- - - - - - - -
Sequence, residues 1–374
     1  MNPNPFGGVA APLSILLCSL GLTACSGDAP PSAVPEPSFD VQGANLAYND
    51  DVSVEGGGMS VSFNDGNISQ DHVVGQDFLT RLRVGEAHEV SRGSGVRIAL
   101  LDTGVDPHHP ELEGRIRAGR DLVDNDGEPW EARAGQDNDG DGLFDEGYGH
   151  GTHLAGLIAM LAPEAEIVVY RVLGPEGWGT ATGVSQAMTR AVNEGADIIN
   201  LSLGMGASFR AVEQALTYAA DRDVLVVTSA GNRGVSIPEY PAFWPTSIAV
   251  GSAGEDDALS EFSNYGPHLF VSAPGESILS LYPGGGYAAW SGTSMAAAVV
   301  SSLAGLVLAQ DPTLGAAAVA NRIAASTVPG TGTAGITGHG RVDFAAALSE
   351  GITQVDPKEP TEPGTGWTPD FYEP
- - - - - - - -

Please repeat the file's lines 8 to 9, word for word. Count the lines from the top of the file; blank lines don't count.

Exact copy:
   301  SSLAGLVLAQ DPTLGAAAVA NRIAASTVPG TGTAGITGHG RVDFAAALSE
   351  GITQVDPKEP TEPGTGWTPD FYEP